From the outset, we laid down firm parameters to ensure that these events would be consistent with my values-don't get caught.   Unfortunately, we overstepped that line and really "screwed" (exploitative deleted) up.  For example had I known I would have never allowed horizontal taping of locks.

We all make mistakes and hope to be forgiven for them. I apologize to Americans for the mistakes I made in this case. I remain committed to the highest standards of integrity. And while I am committed to all new techniques to win elections, I will never compromise my integrity.

In the meantime, I hope my administration can continue to count on the Congress and the media especially the Washington Post to play by previously and long honored rules of covering politics.

I can bring you peace, prosperity and a safe and honorable end to the Vietnam War. I will not walk away from a fight like President Johnson.

Yours respectfully,
Richard M Nixon
President

PS I am not a crook!!!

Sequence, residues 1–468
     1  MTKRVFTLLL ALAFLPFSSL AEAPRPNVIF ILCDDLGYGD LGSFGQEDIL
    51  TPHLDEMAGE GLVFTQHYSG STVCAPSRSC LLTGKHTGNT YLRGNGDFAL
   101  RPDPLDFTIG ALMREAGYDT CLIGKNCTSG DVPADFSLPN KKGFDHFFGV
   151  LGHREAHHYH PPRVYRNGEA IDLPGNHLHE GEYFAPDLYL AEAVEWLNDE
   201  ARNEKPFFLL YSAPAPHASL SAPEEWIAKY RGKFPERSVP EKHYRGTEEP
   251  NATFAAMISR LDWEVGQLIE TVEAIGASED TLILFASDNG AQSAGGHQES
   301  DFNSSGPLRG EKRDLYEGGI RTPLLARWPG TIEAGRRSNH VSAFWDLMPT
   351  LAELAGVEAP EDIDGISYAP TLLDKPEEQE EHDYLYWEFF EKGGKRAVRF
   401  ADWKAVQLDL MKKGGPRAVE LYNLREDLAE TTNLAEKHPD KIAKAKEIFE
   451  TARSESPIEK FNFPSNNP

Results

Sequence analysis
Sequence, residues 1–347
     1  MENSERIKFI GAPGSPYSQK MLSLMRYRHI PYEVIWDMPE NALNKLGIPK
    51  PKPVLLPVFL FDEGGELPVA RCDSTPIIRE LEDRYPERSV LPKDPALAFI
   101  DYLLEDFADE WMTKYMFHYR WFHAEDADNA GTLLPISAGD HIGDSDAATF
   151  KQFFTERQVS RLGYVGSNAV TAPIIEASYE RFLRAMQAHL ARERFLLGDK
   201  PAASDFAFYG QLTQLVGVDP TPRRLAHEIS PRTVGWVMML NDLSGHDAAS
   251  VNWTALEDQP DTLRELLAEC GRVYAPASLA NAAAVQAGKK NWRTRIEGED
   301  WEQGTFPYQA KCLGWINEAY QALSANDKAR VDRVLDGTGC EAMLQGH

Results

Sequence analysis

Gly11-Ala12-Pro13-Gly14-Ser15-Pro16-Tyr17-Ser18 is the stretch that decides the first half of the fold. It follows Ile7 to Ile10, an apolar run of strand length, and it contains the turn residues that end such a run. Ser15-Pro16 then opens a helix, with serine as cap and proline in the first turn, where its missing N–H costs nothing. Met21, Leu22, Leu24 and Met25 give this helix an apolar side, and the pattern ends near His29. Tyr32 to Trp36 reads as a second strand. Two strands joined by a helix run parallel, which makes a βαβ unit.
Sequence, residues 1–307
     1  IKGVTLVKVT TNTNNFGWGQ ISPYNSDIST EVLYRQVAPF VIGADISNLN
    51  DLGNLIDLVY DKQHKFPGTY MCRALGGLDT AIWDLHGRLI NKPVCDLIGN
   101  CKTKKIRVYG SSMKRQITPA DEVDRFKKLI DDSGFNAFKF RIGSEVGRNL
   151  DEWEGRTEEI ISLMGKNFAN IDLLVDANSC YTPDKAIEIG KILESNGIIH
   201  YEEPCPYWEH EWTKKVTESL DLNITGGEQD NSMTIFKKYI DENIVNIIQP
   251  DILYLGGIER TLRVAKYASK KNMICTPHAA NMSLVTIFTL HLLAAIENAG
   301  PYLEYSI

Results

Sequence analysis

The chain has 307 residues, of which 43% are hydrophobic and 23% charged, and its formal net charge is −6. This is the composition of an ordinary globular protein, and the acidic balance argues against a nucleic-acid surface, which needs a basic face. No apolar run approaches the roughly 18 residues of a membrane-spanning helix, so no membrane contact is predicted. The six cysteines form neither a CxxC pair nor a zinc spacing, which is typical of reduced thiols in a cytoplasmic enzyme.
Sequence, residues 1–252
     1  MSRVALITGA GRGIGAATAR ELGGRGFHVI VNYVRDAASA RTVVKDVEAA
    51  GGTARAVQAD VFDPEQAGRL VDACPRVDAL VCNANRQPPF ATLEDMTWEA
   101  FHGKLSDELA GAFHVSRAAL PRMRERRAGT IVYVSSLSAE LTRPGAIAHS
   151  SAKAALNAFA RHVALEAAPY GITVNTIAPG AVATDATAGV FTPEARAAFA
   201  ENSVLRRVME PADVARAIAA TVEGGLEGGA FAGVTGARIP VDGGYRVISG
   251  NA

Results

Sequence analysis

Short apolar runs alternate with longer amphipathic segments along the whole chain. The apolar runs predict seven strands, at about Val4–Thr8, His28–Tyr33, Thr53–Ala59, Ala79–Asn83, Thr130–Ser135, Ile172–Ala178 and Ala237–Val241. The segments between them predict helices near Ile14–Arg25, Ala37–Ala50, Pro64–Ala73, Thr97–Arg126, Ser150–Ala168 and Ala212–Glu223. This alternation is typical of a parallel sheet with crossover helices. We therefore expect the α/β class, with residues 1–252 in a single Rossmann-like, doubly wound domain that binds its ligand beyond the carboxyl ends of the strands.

Ed Timperlake was appointed to the US Naval Academy by President Johnson and voted for Richard Nixon and that truly petty crook Agnew.
Katharine Weymouth, publisher of the Washington Post, has written an apology to readers over the paper's behavior in offering to sell access to its reporters and government insiders at a dinner to be held at her residence. Weymouth is the granddaughter of legendary Post publisher Katharine Graham, who famously backed Woodward & Bernstein in the Watergate exposé.

If only Richard Nixon had known the proper Post-approved etiquette for handling such matters, the nation might have been spared considerable trauma.

Here is the letter President Nixon should have written:

"A Letter to Americans"

Dear Americans,

I want to apologize for a venture that went off track and for any cause we may have given you to doubt our independence and integrity.  The actions by a group of my overzealous team hoping to help my reelection chances suggest we may have been spying on our opposition. The effort by my Committee to Re-elect the President (CREEP) was not authorized by me and did not accurately reflect what I had in mind to get reelected.